I was using a neat pedal called the Morpheus DropTune (I think it's discontinued now). It was for people that like playing in different tunings without having to retune their strings, say from E standard to Db standard. It just shifts everything down in half step increments, but there was an octave option. AND, there was a blended octave function where you could have your original signal with the octave below. I use an acoustic guitar when I perform and that option gives my bass sound a bit of 'thwack' when I play it (fingered). But I think you're going to have to want to live with a sound that *isn't* a TRUE bass sound. Just embrace whatever it is that you create!--On Thu, Dec 12, 2013 at 10:34 AM, Christophe <email@example.com> wrote:
Sigh. Back in the stone age I saw a movie poster of Elvis with a double necked Gibson SG style guitar with a regular six string neck and a six string bass neck. I have coveted that guitar to this day!
From: "Rusty Perez" <firstname.lastname@example.org>
Sent: Thursday, December 12, 2013 10:03:37 AM
Subject: Re: How to play bass track with guitar ?I have often thought of gtting a double neck guitar as well. Many
years ago, when I was maybe in my early teens, my father and I
wandered in to a music shop, a very small one, and they had a double
neck bass/guitar on display. Sometimes I wish I had been a spoiled
child who would ask, and get, everything because I wouled love to have
that instrument now.
But, another thought is a Squire VI. This is sortof an electric
baritone guitar. Tuned E-E but an octave lower than a standard guitar.
Sounds really cool! Then capo at the 12th fret to get normal pitch.
On 12/12/13, email@example.com <firstname.lastname@example.org> wrote:
> oh guys, thank so much for all your fabulous answers!
> with all that I have everything to decide how to solve my problem to
> include bass in loops
> thank you to all !
> Le 2013-12-12 10:47, andy butler a écrit :
>> How to play bass lines on guitar. for loopers.
>> Depends on which guitar, and what you like.
>> 1) Just play them on guitar. With a single coil neck p/u and sticking
>> to the very lowest notes it does work quite well. Turn off any fx,
>> clean sound is best.
>> May need a bit of thought to get a good sounding line to play in
>> your chosen key,
>> probably not much fun in Eb.
>> Then make sure there's nothing in the mix to destroy the illusion.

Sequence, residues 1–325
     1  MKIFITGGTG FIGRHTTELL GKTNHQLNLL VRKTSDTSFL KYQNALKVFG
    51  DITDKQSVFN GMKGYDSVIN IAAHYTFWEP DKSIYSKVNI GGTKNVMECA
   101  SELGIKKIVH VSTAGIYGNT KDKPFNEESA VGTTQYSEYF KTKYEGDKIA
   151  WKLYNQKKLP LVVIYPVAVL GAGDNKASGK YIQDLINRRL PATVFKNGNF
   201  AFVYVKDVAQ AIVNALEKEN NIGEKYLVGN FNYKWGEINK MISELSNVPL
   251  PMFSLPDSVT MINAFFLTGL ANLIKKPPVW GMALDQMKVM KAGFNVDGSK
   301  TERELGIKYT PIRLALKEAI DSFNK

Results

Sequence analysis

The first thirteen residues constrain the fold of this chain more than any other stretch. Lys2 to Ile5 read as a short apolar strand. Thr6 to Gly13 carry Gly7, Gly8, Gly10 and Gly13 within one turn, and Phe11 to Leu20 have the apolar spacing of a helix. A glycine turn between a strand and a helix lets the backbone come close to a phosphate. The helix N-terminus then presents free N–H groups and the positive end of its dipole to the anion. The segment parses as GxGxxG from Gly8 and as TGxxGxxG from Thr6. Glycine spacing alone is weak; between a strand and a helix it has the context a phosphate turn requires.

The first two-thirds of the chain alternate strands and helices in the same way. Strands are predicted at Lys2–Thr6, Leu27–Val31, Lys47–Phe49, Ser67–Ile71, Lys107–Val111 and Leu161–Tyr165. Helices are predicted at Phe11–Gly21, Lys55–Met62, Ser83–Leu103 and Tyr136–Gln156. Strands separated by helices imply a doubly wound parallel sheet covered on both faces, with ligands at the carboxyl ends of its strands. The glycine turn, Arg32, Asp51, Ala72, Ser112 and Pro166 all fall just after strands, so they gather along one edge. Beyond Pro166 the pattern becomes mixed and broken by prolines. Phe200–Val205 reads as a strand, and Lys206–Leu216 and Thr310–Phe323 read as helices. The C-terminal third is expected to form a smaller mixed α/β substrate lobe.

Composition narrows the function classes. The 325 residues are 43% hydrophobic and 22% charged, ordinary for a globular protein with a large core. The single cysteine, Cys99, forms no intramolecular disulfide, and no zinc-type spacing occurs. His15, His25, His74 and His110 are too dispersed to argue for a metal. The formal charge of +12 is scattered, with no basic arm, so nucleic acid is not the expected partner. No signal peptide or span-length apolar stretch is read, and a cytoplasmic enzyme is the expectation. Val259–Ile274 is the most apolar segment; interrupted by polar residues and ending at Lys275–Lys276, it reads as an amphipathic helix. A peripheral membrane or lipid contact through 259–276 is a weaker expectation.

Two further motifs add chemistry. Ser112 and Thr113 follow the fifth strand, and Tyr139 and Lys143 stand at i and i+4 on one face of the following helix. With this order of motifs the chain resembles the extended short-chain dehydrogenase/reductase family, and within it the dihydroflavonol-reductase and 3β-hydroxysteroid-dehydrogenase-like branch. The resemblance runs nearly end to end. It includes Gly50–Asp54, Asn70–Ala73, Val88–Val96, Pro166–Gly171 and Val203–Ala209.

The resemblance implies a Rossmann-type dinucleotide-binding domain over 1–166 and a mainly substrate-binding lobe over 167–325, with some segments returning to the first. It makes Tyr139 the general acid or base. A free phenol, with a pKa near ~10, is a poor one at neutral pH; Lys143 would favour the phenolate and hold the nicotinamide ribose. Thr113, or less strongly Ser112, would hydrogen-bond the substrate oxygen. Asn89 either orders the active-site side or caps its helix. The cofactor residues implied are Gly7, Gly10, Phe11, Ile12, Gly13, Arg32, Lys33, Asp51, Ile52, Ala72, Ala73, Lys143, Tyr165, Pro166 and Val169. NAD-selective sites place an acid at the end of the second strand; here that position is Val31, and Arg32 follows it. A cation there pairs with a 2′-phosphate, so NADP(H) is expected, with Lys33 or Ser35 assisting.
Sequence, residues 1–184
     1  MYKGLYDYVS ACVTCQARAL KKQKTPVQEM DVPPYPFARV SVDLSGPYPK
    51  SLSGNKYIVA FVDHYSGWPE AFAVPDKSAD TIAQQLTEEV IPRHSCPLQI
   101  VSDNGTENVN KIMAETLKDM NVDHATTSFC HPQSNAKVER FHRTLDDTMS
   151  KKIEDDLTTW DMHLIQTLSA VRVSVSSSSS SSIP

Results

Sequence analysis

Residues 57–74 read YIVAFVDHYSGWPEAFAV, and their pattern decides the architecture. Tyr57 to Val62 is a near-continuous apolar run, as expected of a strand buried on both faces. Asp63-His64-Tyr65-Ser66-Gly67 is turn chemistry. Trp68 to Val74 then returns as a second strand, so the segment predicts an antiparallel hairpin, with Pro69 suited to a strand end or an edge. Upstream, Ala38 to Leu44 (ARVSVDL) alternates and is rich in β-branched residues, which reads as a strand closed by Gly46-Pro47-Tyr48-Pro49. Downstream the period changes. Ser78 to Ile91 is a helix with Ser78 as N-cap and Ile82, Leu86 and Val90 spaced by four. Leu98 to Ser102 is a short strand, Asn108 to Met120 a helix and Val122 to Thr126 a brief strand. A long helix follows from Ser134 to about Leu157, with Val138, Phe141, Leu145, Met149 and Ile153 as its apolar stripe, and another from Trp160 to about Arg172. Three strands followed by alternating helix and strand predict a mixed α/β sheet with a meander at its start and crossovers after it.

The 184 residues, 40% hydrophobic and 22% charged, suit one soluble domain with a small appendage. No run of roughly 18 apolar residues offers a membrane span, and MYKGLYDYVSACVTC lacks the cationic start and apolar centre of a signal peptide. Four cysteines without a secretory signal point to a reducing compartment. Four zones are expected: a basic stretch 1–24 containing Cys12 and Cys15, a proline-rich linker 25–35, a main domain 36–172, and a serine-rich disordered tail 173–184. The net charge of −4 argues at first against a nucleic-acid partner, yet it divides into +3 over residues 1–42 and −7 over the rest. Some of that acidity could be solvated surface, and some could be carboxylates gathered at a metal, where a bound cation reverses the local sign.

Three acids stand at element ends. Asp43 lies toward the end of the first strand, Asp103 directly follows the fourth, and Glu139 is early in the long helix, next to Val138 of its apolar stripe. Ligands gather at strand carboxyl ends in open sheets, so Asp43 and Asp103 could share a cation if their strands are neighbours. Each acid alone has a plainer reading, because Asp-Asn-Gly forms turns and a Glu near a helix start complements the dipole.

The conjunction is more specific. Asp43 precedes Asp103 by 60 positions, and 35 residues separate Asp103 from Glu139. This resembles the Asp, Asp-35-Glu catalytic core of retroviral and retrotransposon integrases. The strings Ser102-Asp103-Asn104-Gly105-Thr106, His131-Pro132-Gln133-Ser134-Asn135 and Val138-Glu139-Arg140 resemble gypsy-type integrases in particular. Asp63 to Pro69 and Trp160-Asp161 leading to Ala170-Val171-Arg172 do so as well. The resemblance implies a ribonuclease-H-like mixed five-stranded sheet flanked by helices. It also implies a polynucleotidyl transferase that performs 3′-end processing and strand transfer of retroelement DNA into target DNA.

>> e.g. Don't strum a load
>> of big chords over it, maybe think about switching p/u for the
>> other layers.
>> 2) Octave dividers. The best I've used is the Electro Harmonix
>> Octave Multiplexer.
>> Gives you more controls to focus the sound and the dry signal
>> part can be
>> mixed in with a high quality signal.
>> I'm currently using the EH Bass Microsynth instead, good enough
>> the right settings and produces other useful sounds too.
>> 3) Harmonisers. Electro Harmonix, and I presume the other
>> who care about such things now make harmonisers which can pitch
>> with very little latency. They track sloppy playing better than an
>> octave divider. Can't say I ever liked the sound much though.
>> 4) Synth fx. Sometimes found on multi-fx units. I include these
>> I've used one on the Vox VDL-1 Dynamic Looper for simple bass
>> and it seemed to really work ( the actual bass emulations on that
>> are truly awful). Maybe the Pigtronix Mothership would work as a
>> bass line maker??
>> 5) Half Speed playback. Best sound, as long as the playing is twice
>> as accurate as needed, and
>> as long as guitar is bassy enough to start with.
>> 6) Midi Guitar. Works for some. Hot tip is to actually play high
>> notes and
>> have them transposed down by the synth to avoid latency.
>> 7) Those Roland guitar synths. ( I haven't tried )
>> More generally.
>> It really helps to "think bass". (although these days not many bass
>> guitarists do this)
>> Concentrate on getting a deep tone, finger style if possible.
>> Play cleanly.
>> Be sure to end each note with clean damping to silence (the esoteric
>> secret which used to be passed on from player to player)
>> Stay in the low register.
>> Play only the notes that really need to be there.
>> It really helps to leave space for the bassline by not putting low
>> in the other layers, the lowest 2 strings on a guitar will tend to
>> interfere with it.
>> Also those guitar chords that start with root and fifth can be
>> Obviously an equivalent use of eq to remove low and low mid is just
>> as good,.
>> Out of all the methods, 2) Octave divider would be my favourite,
>> the 'think bass' tips help the effect to track.
>> On 11/12/2013 23:25, Marc wrote:
>>> On some loops, it can be cool to have a bass part with the drum on
>>> the back,
>>> but switching from guitar to bass and return to guitar can be a
>>> little too
>>> long on stage.
>>> Did you have a solution to play a bass part with your guitar ?
>>> (I've tried with my HOG, and with Octavers/Harmonizers, it is far
>>> from a
>>> bass sound, even a synth bass sound...)
>>> Roland VG ?
>>> Sound to midi interface like http://www.sonuus.com/ G2M, connected
>>> in midi
>>> with a expander ?
>>> All your knowledge is welcome.
Jean-Paul De Roover